Of the hydrocarbons, paraffin oil, hydrogenated polyolefins (e.g. hydrogenated polyisobutene), squalane and squalene can be used advantageously for the purposes of the present invention.
 According to the invention, particularly advantageous emulsions are those which are characterized in that the oil phase consists of at least 50% by weight, preferably of more than 75% by weight, of at least one substance chosen from the group consisting of Vaseline (petrolatum), paraffin oil and polyolefins, preference being given amongst the latter to polydecenes.
 The oil phase can advantageously additionally have a content of cyclic or linear silicone oils or consists entirely of such oils, although it is preferable to use an additional content of other oil phase components apart from the silicone oil or the silicone oils.
 Cyclomethicones (e.g. cyclotetrasiloxane and cyclopentasiloxane) can be used advantageously. However, for the purposes of the present invention, it is also advantageous to use other silicone oils, for example dimethicones (polydimethylsiloxanes of varying chain lengths such as, for example, Wacker AK 10, 20, 35, 50, 100) and polymethylphenylsiloxanes (such as, for example, phenyltrimethicones).
 The aqueous phase of the preparations according to the invention optionally advantageously comprises alcohols, diols or polyols of low carbon number, and ethers thereof, preferably ethanol, isopropanol, propylene glycol, glycerol, ethylene glycol, ethylene glycol monoethyl ether of monobutyl ether, propylene glycol monomethyl, monoethyl or monobutyl ethers, diethylene glycol monomethyl or monoethyl ethers and analogous products, and also alcohols of low carbon number, e.g. ethanol, isopropanol, 1,2-propanediol, glycerol and, in particular, one or more thickeners which can advantageously be chosen from the group consisting of silicon dioxide, aluminium silicates, polysaccharides or derivatives thereof, e.g. hyaluronic acid, xanthan gum, hydroxypropylmethylcellulose, particularly advantageously from the group consisting of polyacrylates, preferably a polyacrylate from the group of Carbopols, for example Carbopol grades 980, 981, 1382, 2984, 5984, or also ETD (easy-to-disperse) grades 2001, 2020, 2050, in each case individually or in any combinations with one another.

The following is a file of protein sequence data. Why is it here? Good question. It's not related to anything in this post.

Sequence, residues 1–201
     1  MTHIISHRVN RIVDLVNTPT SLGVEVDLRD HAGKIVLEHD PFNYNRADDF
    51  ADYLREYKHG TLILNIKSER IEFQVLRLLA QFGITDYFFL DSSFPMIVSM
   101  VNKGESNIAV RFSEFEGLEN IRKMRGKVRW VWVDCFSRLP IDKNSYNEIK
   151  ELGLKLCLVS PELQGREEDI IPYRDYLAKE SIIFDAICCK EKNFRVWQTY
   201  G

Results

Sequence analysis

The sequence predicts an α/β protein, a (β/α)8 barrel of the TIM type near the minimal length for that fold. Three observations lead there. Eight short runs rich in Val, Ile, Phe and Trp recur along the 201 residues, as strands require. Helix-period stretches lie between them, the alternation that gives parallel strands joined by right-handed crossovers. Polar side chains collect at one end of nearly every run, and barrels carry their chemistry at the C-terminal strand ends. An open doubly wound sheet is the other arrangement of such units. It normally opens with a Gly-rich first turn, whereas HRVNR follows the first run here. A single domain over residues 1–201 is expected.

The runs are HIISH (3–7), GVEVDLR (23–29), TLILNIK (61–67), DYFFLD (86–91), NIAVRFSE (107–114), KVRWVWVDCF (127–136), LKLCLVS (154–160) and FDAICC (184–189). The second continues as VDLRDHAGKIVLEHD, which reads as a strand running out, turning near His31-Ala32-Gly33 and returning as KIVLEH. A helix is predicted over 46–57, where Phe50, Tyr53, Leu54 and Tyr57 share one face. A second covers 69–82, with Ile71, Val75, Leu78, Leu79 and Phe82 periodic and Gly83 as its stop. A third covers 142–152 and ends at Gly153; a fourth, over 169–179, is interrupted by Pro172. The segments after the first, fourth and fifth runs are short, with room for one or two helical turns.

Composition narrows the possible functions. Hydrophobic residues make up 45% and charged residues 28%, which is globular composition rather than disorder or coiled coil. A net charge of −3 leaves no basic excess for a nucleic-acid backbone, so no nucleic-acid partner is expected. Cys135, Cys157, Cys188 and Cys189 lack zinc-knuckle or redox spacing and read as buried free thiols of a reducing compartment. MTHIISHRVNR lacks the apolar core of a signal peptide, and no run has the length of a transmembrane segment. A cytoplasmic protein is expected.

A particular advantage of the present invention is that it permits high concentrations of polyols, in particular glycerol, to be used.
 Particularly advantageous preparations are also obtained when antioxidants are used as additives or active ingredients. According to the invention, the preparations advantageously comprise one or more antioxidants. Antioxidants which are favourable but which are nevertheless optional may be all antioxidants which are customary or suitable for cosmetic and/or dermatological application.